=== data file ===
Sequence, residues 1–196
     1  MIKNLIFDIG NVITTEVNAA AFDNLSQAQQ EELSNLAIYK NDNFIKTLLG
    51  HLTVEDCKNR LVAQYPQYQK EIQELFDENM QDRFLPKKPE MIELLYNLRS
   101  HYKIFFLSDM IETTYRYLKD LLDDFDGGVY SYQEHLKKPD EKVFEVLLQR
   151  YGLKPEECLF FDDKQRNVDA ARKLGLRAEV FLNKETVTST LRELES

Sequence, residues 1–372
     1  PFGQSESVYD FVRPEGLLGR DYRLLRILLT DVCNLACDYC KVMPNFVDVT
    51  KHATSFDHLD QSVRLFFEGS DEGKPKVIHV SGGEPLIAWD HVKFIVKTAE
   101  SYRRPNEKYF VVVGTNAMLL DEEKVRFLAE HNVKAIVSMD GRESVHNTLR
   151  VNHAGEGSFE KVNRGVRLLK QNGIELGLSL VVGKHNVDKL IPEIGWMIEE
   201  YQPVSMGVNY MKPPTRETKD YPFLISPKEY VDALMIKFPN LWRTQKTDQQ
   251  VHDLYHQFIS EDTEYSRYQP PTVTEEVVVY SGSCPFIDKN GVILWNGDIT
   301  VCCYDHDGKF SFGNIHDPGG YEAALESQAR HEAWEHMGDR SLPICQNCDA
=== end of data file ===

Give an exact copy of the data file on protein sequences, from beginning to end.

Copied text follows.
Sequence, residues 1–196
     1  MIKNLIFDIG NVITTEVNAA AFDNLSQAQQ EELSNLAIYK NDNFIKTLLG
    51  HLTVEDCKNR LVAQYPQYQK EIQELFDENM QDRFLPKKPE MIELLYNLRS
   101  HYKIFFLSDM IETTYRYLKD LLDDFDGGVY SYQEHLKKPD EKVFEVLLQR
   151  YGLKPEECLF FDDKQRNVDA ARKLGLRAEV FLNKETVTST LRELES

Sequence, residues 1–372
     1  PFGQSESVYD FVRPEGLLGR DYRLLRILLT DVCNLACDYC KVMPNFVDVT
    51  KHATSFDHLD QSVRLFFEGS DEGKPKVIHV SGGEPLIAWD HVKFIVKTAE
   101  SYRRPNEKYF VVVGTNAMLL DEEKVRFLAE HNVKAIVSMD GRESVHNTLR
   151  VNHAGEGSFE KVNRGVRLLK QNGIELGLSL VVGKHNVDKL IPEIGWMIEE
   201  YQPVSMGVNY MKPPTRETKD YPFLISPKEY VDALMIKFPN LWRTQKTDQQ
   251  VHDLYHQFIS EDTEYSRYQP PTVTEEVVVY SGSCPFIDKN GVILWNGDIT
   301  VCCYDHDGKF SFGNIHDPGG YEAALESQAR HEAWEHMGDR SLPICQNCDA